A white drape adorned the stage prior to
Kid Rock’s appearance. After Journey’s “Don’t Stop Believing” teased
the formidable frontman’s arrival, a white spotlight shone on the
drape, outlining Rock’s shadow of the man behind the curtain. The
bombastic sounds of “Rock’n’Roll Jesus” then erupted from Kid Rock’s
live band, climaxing in the revelation of the stage setup: a mass of
explosions and a gigantic U.S. flag.
From the concert’s onset Kid Rock
displayed a respectable degree of showmanship to which you have to give
credit. While the confusing mix of hip-hop, rock and country that forms
the base of Kid Rock’s songwriting has been criticized during his now
two-decade career, he seems genuinely invested in attempting to pull a
crowd into his show regardless of his obvious pretensions.
The musician then teased the crowd with
ZZ Top’s “La Grange” prior to launching into “Son of Detroit,” a song
that describes the rocker’s Motor City roots. Following that notion,
the vocalist covered the Rolling Stones’ “Tumbling Dice,” demonstrating
that he’s rarely afraid of outright stealing from musicians who have
come before him.
“You Never Met a Motherfucker Quite Like
Me” juxtaposed the warm, classic rock reference, curling under the heat
of harmonica player Jimmie Bones and bringing Rock’s hip-hop
sensibilities into the mix. Kid Rock’s passable hit “Cowboy” then
appealed to the Syracuse crowd when, for some unknown reason, the crew
made a production decision to display a picture of Syracuse University
football player Ernie Davis on the Jumbo-Tron. Given that Kid Rock has
built his career on singles, a solid flaunting of his hits is sort of a
prerequisite, as Rock’s “art” shares in common with Madonna and other
iconic artists its connection to image more so than subtle songwriting
and delicately carved lyricism.
A crowd-pleasing celebration of the grittier side of American lifestyles came in the form of “Lowlife
(Living the Highlife),” yet with lyrics that celebrate poverty and a
lack of appreciation for much beyond a NASCAR race, you have to wonder
where Kid Rock could go from such a tune. If you’re trying to top a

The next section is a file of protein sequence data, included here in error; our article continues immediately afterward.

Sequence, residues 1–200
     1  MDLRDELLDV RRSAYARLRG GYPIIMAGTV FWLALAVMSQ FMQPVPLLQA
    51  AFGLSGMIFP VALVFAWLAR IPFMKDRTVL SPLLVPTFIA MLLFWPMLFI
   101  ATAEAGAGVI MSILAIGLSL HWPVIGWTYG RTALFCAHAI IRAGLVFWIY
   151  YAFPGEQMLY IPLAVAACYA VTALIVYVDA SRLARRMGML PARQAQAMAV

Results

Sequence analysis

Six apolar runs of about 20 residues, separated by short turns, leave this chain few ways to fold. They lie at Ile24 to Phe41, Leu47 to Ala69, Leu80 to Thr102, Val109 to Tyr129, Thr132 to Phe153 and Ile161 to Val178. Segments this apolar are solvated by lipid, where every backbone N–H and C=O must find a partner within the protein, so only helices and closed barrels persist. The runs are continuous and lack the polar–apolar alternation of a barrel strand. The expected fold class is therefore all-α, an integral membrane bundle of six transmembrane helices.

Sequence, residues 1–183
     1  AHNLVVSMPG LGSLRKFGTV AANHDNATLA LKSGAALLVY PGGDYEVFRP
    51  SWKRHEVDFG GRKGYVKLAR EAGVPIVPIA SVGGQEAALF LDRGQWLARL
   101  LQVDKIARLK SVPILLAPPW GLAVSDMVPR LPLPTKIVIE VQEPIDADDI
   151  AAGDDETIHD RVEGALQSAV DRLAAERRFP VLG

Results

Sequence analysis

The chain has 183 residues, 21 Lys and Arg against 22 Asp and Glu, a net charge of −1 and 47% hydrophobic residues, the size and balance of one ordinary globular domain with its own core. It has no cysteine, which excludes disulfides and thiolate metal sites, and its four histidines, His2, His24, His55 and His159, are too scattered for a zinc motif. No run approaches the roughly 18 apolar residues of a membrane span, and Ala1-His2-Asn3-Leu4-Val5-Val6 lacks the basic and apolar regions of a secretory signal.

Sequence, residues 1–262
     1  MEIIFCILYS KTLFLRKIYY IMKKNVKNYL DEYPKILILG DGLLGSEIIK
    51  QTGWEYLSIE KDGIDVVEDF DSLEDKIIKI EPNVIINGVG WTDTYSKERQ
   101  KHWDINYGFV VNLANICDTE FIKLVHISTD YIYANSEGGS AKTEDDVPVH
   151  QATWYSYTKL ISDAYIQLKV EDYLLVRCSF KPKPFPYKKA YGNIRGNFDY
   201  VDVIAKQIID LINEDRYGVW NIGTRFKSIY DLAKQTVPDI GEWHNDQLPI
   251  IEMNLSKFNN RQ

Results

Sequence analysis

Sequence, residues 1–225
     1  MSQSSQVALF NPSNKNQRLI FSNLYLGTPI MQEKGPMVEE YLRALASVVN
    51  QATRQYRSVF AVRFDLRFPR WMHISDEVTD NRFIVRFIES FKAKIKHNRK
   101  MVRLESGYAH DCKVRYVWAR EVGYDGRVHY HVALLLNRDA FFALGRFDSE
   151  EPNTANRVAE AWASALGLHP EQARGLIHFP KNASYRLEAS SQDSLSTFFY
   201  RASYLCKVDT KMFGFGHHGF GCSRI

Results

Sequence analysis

song that puts things like thinking “racist jokes are funny” on a
pedestal, what could be worse: a song called “I’m a Convicted Felon?”
Regardless, given that such songs are at
least partly tongue-in-cheek, the concert was more or less innocent
enough, and Rock took time to thank fans for coming out with a genuine
sensibility that you don’t often find in today’s music culture. “I know
times are tough, so we wanted to make sure we said ‘Thank you’ for
spending your hard-earned money to come out tonight,” the Kid said. The
artist also was sure to point out that, unlike some touring outfits on
the road these days, his band is made up entirely of real musicians,
and that no recorded tracks are a part of his show.
Offsetting the balance of that
graciousness, Rock later gratuitously took over on each of those
instruments during an every-instrument solo song toward the end of the
set, and while the gesture–to prove that he’s a “real” musician and not
just a singer–was well-enough intended, Kid Rock’s instrumental skill
on turntables, drums, guitar (modified with a Peter Frampton Talk Box)
is laughable at best.
Of course “Bawitdaba” completed the
dramatic cycle, which culminated after Kid Rock had caused the crowd to
chant his name, hence affirming his narcissistic side. Yet regardless
of Rock’s often-mentioned failings of the past, which included banking
too hard on sampling from other musicians among other things, he came
across as surprisingly endearing throughout the night.
Note: For reasons unknown to the Syracuse New Times,
at the last minute staff photographer Michael Davis was crossed off the
list of allowed photographers at the concert, leaving us without an
image to accompany the story. Overall, press conditions at the State
Fair were more difficult this year than in previous years, which
limited our ability to properly cover this year’s run of concerts at
the Grandstand and at Chevy Court.